• Medicare [Traditional Medicare]

This provider accepts new patients

Appointment Phone Number: (646) 774-7105

Lab Locations

  • Kolb Research Annex

    40 Haven Ave
    Unit 87, Room 157A
    New York, NY 10032
    Phone:
    (646) 774-7105
    Email:
    el367@cumc.columbia.edu
  • CUIMC/Herbert Pardes Building of the New York State Psychiatric Institute

    1051 Riverside Drive
    New York, NY 10032

Contact Info

  • 8662845724
  • (646) 774-7105

Research Interests

  • Models of Psychiatric Disorders
  • Mood Disorder
  • Neurobiology of Disease
  • Neurogenetics
  • Synapses and Circuits

NIH Grants

  • DECONSTRUCTING THE CELLULAR CONTROL OF HIPPOCAMPAL FUNCTIONS RELATED TO MENTAL HEALTH: A ROLE FOR BIRTH ORDER. (Federal Gov)

    Jan 1 2019 - Nov 30 2023

    EXPLORINGTHE PATHOPHYSIOLOGY OF ANXIETY: THE ROLE OF THE HIPPOCAMPUS, AMYGDALA AND MEDIAL PREFRONTAL CORTEX (Federal Gov)

    Jul 1 2013 - Mar 31 2019

    EXPLORINGTHE PATHOPHYSIOLOGY OF ANXIETY: THE ROLE OF THE HIPPOCAMPUS, AMYGDALA AND MEDIAL PREFRONTAL CORTEX (Federal Gov)

    Jul 1 2013 - Mar 31 2018

    TEMPORAL SPECIFICATION OF NEURONAL FUNCTION AND ITS RELEVANCE TO MENTAL HEALTH (Federal Gov)

    Jun 20 2016 - Dec 31 2016

    DEVELOPMENTAL REGULATION OF MOOD STATES BY 5-HT1A HETERORECEPTORS (Federal Gov)

    Sep 4 2015 - May 31 2016

    A LATE SENSITIVE PERIOD FOR THE DEVELOPMENT OF ANXIETY DISORDERS (Federal Gov)

    Jul 5 2010 - Feb 29 2016

    A LATE SENSITIVE PERIOD FOR THE DEVELOPMENT OF ANXIETY DISORDERS (Federal Gov)

    Jul 5 2010 - Feb 28 2015

    A LATE SENSITIVE PERIOD FOR THE DEVELOPMENT OF ANXIETY DISORDERS (Federal Gov)

    Jul 5 2010 - Feb 28 2015

    MECHANISMS AND SIGNIFICANCE OF NEURAL STEM CELL FATE PLASTICITY IN THE ADULT HIPPOCAMPUS (Federal Gov)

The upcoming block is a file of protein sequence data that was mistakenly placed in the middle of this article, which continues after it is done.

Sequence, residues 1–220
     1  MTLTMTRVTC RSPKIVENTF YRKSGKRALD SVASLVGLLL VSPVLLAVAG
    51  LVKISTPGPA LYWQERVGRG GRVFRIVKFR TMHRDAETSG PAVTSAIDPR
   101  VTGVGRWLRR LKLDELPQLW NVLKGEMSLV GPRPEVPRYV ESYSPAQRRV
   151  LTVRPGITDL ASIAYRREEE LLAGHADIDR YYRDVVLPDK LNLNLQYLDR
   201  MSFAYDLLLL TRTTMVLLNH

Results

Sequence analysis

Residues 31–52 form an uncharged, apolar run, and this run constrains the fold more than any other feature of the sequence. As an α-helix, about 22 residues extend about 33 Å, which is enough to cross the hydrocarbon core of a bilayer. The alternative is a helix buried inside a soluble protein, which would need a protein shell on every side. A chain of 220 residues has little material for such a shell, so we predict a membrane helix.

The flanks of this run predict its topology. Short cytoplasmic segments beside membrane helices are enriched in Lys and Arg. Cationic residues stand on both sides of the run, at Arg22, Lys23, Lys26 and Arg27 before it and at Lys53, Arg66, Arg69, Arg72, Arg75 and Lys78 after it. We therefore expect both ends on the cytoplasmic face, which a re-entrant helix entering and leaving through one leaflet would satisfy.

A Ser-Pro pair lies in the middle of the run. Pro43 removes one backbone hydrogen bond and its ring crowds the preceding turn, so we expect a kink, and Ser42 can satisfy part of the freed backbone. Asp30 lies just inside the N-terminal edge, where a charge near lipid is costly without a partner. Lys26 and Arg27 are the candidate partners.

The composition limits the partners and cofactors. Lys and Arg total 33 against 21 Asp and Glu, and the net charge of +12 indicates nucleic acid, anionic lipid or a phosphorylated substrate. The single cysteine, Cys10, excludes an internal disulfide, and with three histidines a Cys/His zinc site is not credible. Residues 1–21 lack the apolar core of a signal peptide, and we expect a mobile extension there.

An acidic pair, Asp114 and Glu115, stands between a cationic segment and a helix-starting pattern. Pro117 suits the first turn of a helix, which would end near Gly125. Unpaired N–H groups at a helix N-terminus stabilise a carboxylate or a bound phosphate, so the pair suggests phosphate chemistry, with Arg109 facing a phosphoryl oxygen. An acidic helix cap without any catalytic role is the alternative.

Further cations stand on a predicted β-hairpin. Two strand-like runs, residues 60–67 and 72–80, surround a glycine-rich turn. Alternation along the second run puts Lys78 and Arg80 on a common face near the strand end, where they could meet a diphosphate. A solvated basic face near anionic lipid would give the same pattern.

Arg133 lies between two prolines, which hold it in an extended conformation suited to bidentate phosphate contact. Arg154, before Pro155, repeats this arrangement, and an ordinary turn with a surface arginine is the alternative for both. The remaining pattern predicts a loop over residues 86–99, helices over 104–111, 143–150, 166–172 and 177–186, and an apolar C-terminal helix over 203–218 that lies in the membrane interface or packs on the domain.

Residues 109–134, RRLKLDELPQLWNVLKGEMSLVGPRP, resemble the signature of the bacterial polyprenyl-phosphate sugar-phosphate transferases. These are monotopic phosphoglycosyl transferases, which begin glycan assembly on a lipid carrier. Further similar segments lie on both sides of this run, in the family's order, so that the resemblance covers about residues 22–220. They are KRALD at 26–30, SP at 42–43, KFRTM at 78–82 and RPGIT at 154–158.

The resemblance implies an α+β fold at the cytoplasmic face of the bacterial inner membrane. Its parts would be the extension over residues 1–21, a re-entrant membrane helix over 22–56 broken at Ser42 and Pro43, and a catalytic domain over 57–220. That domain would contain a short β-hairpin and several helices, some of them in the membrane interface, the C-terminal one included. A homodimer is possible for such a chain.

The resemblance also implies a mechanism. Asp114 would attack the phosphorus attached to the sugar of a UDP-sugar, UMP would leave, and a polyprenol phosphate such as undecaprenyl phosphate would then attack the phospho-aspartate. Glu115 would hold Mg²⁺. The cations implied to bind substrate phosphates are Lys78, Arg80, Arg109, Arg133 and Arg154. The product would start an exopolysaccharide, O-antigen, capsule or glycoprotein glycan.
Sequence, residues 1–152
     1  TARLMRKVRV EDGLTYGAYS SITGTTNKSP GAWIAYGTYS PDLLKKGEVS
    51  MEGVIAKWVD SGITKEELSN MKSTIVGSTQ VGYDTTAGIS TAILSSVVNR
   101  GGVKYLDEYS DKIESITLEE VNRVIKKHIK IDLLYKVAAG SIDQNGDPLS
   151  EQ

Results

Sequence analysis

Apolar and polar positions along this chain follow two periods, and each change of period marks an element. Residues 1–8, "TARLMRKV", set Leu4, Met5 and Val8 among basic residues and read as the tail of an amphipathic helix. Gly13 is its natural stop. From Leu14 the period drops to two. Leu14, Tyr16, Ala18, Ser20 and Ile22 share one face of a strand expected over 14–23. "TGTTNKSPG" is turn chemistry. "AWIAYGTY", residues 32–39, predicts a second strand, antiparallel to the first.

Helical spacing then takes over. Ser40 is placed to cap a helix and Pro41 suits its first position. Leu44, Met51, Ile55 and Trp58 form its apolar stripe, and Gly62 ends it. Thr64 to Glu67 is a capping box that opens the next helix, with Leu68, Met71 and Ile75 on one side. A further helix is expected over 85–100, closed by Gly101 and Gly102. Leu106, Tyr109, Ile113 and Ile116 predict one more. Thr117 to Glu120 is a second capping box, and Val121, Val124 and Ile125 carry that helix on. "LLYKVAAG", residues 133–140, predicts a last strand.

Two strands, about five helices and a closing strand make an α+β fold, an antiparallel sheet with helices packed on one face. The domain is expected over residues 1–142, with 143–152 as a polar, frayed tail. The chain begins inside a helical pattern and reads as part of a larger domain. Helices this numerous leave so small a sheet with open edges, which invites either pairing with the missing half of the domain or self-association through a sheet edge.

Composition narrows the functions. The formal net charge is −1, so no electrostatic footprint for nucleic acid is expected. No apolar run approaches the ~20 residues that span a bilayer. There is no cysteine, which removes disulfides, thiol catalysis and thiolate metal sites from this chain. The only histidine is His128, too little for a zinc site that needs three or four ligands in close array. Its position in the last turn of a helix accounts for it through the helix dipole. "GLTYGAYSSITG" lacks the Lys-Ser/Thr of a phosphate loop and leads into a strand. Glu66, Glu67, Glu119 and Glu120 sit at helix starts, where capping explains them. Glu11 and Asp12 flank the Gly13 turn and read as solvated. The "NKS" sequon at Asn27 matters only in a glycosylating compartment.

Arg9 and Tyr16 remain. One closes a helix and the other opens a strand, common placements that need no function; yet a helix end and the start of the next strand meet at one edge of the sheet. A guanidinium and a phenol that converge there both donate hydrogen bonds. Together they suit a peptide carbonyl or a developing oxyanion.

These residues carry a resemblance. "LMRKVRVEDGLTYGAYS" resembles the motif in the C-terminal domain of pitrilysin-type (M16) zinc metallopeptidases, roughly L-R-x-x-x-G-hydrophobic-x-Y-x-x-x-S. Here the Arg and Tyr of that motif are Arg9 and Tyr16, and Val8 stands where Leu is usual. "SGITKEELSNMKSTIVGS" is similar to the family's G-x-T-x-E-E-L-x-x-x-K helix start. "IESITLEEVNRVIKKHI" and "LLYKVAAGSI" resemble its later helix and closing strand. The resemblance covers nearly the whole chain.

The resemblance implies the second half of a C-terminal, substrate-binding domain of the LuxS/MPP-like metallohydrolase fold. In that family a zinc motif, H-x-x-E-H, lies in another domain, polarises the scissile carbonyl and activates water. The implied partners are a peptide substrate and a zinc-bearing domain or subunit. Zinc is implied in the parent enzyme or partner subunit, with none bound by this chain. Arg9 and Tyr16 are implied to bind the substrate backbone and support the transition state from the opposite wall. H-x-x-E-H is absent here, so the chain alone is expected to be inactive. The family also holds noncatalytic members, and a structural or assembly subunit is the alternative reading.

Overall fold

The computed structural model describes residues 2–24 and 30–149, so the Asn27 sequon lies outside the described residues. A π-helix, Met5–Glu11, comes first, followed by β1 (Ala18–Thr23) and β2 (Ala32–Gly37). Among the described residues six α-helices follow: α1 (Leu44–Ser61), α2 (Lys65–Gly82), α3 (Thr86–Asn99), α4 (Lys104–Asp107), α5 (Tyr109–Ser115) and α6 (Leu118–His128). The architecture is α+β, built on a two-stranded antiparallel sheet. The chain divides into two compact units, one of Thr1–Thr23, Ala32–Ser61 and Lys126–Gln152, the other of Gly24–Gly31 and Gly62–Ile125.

Jul 21 2010 - Dec 31 2014

    ELUDICATING THE ROLE OF 5-HT1A PARTIAL AGONISM IN VILAZODONE EFICACY (Private)

    Oct 10 2012 - Oct 9 2014

    HIPPOCAMPAL NEUROGENESIS: MECHANISMS OF ANTIDEPRESSANT ACTIO N (Federal Gov)

    Aug 1 2006 - Jul 31 2012

    EXPLORING THE NEUROBIOLOGY OF ANTIDEPRESSANT RESPONSIVENESS - PRECLINICAL AND CLINICAL ACTIONS OF AN (Federal Gov)

    Jun 30 2008 - Dec 31 2010

    RESEARCH TRAINING: AFFECTIVE AND RELATED DISORDERS (Federal Gov)

    Jul 1 1978 - Jun 30 2004

Publications

  • Garcia-Garcia, A.L., Meng, Q., Canetta, S., Gardier, A.M., Guiard, B.P., Kellendonk, C., Dranovsky, A., *Leonardo, E.D. Serotonin signaling through Prefrontal Cortex 5-HT1A receptors during adolescence can determine baseline mood-related behaviors. (2017) Cell Reports. Jan 31;18(5) 1144-1156.
  • Garcia-Garcia, A.L., Meng, Q., Richardson-Jones, J., Dranovsky, A., Leonardo, E.D. (2015) Disruption of 5-HT1A function in adolescence but not early adulthood leads to sustained increases of anxiety. doi:10.1016/j.neuroscience.2015.05.076.
  • Kirshenbaum GS, Lieberman SR, Briner TJ, Leonardo ED, Dranovsky A. (2014) Adolescent but not adult-born neurons are critical for susceptibility to chronic social defeat. Front Behav Neurosci. 8:289.
  • Richardson-Jones JW1, Craige CP, Guiard BP, Stephen A, Metzger KL, Kung HF, Gardier AM, Dranovsky A, David DJ, Beck SG, Hen R, Leonardo ED. (2010) 5-HT1A autoreceptor levels determine vulnerability to stress and response to antidepressants. Neuron. 65:40-52. doi: 10.1016/j.neuron.2009.12.003.
  • Leonardo, E.D. (2010). 5-HT1A autoreceptors determine vulnerability to stress and response to antidepressants. Neuron 65: 40-52.
  • Leonardo, E. D., and Hen, R. (2007) Anxiety as a Developmental Disorder. Neuropsychopharmacology reviews 2007: 1: 1-7.